By Alan Heil
Please forgive these midsummer musings.
When the Heils moved to their retirement community in the mountains of northern Maryland in 2018, we were awed by the beauty of the surrounding forestland.
On a trail encircling our community, we noted 30 weathered one-holed birdhouses, modestly constructed with all the same dimensions.
But there were no landing entrance poles for the feathered residents to perch. Each circular entry hole was wider than a quarter, but smaller than an imaginary 50-cent coin.
Airborne explorers were forced to fly straight in to enter these wooden huts, partially straw-filled birdhouses, bringing food to their babies.
Was there more to see?
For us, as lovers of nature, you bet! On perhaps our second stroll around the circular trail, we saw a single tiny bluebird emerge from one of the birdhouses, a brilliant blue representative of his or her species.
It peeked out and made a quick exit, as the Heils approached. Our first encounter with a bluebird within sight of northern Maryland’s Sugar Loaf Mountain piqued our curiosity.
Especially when we noticed a neighbor unlatch the frontside of one of the bluebird houses around the trail, looking for an occupant within. No luck, there!
We asked one of the managers of our community to explain. He responded: “We have a volunteer birdwatching committee.” Speaking for myself, I heaved a huge sigh of relief that he didn’t invite us to participate. (I had thought that when we retired, what a relief to have no planning committees to join, to chair, or write meeting summaries about, ever again!)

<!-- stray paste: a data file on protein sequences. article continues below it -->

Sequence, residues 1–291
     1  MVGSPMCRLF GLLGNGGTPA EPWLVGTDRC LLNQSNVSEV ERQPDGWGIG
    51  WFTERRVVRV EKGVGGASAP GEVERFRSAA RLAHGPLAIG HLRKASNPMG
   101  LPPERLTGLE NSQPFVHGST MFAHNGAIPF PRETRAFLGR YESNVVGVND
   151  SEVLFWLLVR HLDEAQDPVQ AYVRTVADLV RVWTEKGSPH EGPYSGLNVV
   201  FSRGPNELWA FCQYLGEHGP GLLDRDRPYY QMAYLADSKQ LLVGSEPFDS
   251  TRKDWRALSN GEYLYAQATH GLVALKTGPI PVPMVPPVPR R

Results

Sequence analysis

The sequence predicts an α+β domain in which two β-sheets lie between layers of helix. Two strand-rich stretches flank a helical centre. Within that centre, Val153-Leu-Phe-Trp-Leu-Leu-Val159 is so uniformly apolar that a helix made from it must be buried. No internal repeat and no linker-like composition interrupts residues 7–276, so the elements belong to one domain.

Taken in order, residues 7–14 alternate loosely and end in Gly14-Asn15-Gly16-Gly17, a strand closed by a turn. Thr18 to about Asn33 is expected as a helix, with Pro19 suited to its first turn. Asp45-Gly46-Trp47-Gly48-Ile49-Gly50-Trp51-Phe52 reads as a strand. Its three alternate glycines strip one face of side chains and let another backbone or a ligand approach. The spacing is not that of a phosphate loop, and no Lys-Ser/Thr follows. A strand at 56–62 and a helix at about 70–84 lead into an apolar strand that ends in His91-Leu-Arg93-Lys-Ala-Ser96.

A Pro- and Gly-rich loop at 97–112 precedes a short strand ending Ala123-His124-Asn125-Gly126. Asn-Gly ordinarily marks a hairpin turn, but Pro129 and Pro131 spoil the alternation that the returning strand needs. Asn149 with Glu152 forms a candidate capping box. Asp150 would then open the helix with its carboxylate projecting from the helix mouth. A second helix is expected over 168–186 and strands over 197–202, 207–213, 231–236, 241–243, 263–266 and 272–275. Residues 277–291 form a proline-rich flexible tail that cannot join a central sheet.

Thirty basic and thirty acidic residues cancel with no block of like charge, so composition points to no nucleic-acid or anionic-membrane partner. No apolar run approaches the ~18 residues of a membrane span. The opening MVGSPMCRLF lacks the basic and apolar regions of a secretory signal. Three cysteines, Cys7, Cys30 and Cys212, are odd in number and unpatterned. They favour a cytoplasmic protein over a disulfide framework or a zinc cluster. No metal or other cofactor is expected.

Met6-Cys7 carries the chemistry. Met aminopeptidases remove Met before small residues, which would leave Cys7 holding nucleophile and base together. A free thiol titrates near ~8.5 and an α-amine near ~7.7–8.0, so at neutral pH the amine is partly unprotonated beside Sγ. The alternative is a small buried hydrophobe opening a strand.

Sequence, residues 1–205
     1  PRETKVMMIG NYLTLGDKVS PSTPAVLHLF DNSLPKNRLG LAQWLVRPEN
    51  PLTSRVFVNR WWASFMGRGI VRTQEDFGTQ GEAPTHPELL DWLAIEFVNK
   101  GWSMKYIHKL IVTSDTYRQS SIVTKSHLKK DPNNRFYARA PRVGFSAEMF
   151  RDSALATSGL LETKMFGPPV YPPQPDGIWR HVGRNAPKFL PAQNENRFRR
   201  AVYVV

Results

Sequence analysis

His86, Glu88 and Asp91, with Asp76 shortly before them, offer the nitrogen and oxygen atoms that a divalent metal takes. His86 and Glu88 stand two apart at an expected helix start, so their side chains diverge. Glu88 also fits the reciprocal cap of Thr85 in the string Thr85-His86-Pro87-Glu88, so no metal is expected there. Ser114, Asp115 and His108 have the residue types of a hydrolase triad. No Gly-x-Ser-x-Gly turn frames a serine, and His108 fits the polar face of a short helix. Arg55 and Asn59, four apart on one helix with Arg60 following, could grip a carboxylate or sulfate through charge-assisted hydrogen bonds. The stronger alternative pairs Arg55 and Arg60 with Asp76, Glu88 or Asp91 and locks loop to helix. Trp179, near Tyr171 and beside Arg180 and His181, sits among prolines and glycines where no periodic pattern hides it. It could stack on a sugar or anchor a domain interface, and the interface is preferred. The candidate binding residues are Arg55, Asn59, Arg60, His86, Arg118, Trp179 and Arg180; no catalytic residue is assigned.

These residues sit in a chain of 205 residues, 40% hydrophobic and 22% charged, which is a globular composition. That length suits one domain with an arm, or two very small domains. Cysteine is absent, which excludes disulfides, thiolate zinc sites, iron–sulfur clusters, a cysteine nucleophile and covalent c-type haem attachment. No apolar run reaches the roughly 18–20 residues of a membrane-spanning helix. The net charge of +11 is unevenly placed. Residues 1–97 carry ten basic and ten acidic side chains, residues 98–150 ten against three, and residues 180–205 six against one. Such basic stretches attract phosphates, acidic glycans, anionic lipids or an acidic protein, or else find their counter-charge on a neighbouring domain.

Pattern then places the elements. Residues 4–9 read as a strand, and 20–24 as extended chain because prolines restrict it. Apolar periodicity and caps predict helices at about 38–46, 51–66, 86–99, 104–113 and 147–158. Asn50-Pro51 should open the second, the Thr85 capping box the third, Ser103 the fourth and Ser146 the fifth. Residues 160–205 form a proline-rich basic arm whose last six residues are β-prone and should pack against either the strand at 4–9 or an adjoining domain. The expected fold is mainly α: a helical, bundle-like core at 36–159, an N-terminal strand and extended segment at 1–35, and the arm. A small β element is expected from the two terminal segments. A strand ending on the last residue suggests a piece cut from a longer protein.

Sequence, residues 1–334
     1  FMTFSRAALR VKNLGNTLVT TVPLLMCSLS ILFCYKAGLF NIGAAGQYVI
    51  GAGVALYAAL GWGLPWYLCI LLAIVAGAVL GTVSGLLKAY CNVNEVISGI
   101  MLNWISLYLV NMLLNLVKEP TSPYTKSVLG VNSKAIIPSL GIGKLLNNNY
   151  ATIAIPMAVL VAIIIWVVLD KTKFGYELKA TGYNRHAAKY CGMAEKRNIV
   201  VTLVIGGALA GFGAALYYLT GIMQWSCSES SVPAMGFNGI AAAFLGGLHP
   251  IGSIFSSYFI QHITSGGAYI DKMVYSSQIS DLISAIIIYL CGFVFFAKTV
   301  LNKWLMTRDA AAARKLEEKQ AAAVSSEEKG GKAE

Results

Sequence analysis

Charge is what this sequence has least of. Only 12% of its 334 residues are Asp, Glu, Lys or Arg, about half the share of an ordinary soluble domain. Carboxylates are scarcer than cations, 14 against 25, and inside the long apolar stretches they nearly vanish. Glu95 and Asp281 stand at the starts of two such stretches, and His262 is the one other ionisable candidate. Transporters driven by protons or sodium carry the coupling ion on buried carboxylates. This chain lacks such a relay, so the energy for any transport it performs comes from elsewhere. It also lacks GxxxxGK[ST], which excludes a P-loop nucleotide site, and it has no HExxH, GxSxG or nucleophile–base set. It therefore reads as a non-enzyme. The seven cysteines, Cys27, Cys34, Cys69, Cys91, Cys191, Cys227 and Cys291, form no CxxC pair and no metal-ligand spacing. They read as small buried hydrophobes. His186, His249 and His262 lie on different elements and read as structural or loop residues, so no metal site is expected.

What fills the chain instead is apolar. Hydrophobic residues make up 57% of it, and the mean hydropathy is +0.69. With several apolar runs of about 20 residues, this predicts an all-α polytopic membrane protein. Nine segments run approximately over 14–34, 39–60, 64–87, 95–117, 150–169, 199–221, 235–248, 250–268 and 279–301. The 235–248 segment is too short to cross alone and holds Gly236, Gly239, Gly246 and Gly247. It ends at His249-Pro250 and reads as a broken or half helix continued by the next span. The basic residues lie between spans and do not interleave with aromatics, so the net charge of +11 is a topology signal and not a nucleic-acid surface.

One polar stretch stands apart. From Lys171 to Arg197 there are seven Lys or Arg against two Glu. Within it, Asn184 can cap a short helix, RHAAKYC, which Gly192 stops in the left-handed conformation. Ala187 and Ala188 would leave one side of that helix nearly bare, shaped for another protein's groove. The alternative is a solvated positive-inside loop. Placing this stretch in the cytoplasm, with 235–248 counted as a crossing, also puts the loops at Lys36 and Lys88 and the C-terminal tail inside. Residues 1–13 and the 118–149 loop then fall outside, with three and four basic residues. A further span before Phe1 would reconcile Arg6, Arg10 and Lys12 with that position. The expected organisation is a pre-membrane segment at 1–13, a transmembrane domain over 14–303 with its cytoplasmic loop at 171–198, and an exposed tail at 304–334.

“Counting bird dwellings.” Doubt that this would qualify in any future biography of either Heil, married 62 years ago, enjoying family reunions here and in Florida, both of us very thankful for our lifelong partnership and our loving family members close by and in Florida and Texas.
As a 36-year veteran of the Voice of America (VOA), Alan Heil traveled to more than 40 countries a foreign correspondent in the Middle East, and later as director of News and Current Affairs, deputy director of programs, and deputy director of the nation’s largest publicly-funded overseas multimedia network. Today, VOA reaches more than 275 million people around the world each week via radio, television and online media. Read More